In an exploratory analysis of patients with KRAS-mutant mCRC, location of the primary tumor did not matter. OS was 23.1 months if the primary tumor was on the right side and 30.3 months when it was on the left; this result was not statistically significant.

A retrospective post-hoc analysis of FIRE-3 (presented during the 2014 ASCO Annual Meeting) showed that sidedness is prognostic for PFS and OS, with right-sided tumors having worse outcomes, Dr. Ng noted. “Dr. Venook’s study confirmed the prognostic impact of sidedness within a much larger cohort,” she said. She noted that both studies found sidedness predictive of differential benefit between cetuximab versus bevacizumab within each tumor location.

Population-Based Analysis

An analysis in a population-based cohort also concluded that outcomes were worse when the primary tumor was on the right side of the colon. “The relation between tumor location and survival across the spectrum is uncertain,” said presenter Deborah Schrag, MD, MPH, FASCO, of the Dana-Farber Cancer Institute, setting up an analysis for stage III and IV disease.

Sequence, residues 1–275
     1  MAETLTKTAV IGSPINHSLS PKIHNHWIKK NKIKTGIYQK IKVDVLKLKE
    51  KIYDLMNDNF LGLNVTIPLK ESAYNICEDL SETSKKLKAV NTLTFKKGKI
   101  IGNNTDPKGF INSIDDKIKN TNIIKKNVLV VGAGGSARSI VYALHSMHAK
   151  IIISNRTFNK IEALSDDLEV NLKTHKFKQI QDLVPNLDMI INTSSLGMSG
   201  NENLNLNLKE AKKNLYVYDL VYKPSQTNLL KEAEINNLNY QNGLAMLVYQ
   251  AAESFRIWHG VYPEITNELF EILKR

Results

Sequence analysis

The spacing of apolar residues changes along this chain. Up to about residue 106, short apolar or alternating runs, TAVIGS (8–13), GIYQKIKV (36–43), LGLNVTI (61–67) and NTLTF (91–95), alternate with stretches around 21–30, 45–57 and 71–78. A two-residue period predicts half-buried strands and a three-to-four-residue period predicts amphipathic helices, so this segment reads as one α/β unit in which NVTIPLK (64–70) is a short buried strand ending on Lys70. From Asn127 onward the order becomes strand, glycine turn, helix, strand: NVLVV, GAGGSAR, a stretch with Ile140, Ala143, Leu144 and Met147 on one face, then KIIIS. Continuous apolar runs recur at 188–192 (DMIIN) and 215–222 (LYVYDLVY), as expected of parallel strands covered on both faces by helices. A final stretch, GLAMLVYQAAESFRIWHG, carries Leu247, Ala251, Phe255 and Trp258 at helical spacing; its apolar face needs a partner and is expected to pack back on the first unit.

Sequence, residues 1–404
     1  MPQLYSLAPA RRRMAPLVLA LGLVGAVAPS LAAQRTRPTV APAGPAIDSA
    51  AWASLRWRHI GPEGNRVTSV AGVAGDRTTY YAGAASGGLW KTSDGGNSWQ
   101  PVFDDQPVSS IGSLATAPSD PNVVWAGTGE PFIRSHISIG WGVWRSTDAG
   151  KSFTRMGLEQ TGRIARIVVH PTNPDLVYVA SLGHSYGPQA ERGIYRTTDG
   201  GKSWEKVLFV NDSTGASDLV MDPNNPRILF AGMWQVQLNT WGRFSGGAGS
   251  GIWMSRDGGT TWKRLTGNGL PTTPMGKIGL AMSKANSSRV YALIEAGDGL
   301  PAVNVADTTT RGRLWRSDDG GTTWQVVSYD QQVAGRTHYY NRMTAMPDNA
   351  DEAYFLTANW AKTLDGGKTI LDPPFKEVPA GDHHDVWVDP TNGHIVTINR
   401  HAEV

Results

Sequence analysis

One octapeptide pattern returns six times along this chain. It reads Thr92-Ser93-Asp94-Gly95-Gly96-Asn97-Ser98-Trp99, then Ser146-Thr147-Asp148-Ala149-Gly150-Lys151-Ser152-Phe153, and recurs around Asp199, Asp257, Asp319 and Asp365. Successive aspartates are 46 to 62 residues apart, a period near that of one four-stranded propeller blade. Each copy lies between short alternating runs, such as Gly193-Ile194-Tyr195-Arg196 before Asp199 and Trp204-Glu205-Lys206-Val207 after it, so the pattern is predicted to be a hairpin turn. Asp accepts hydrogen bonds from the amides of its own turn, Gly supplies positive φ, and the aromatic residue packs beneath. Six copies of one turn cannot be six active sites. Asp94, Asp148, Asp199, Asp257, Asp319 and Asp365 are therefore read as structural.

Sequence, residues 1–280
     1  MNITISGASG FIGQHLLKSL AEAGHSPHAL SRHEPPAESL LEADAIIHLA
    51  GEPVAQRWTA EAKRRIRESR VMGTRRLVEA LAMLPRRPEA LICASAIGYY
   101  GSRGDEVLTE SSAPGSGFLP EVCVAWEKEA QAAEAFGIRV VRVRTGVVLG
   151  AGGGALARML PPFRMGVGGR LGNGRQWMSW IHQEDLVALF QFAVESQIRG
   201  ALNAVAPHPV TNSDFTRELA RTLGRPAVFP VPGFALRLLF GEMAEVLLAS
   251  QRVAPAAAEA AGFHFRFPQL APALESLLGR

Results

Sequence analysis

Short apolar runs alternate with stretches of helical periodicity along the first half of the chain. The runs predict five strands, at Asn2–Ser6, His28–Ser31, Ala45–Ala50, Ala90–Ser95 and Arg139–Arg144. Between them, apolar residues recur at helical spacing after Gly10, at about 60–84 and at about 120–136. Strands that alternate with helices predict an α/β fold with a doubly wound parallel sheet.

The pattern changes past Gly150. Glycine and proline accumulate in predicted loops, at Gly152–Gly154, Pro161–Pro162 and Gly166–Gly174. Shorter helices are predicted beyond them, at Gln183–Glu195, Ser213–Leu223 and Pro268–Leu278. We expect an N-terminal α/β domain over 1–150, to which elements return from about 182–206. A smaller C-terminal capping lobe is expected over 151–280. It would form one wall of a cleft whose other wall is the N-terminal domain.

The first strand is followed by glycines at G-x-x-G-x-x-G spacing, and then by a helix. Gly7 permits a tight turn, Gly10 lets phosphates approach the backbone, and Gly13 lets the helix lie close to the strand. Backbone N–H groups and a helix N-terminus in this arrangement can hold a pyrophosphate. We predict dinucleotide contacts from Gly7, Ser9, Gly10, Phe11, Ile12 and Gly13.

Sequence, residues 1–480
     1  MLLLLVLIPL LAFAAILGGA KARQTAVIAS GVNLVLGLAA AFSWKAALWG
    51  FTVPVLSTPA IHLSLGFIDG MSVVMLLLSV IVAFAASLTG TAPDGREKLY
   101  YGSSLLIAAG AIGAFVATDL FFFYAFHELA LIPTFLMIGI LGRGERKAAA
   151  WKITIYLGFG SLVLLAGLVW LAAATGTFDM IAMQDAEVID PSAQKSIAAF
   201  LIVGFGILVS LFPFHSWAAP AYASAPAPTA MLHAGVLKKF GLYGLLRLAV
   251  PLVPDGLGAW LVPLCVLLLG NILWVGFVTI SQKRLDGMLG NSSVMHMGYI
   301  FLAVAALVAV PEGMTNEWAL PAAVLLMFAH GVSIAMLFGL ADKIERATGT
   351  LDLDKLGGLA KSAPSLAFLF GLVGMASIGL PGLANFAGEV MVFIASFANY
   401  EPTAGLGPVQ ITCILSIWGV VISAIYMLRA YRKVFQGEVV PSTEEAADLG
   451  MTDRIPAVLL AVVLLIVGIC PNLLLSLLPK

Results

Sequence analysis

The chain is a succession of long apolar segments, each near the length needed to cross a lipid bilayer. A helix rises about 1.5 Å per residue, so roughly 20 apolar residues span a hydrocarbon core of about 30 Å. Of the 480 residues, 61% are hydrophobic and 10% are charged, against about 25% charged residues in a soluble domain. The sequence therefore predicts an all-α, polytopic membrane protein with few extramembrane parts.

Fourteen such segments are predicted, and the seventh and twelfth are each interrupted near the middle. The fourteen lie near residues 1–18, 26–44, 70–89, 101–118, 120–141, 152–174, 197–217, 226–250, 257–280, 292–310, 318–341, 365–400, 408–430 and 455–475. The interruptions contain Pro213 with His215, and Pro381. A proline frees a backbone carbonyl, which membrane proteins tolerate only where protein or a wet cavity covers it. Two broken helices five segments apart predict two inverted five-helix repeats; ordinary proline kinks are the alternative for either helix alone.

Dr. Schrag presented data from 18 tumor registries in the National Cancer Institute’s Surveillance, Epidemiology, and End Results (SEER) Program. Incident primary CRC cases were identified for 2000 to 2012. Mortality was followed through the end of 2013. However, the large, representative cohorts lacked chemotherapy and molecular data.

Of all 138,059 right-sided tumors, 28% were identified as stage III disease and 19% as stage IV. Of all 97,311 left-sided tumors, 27% were stage III and 20% were stage IV.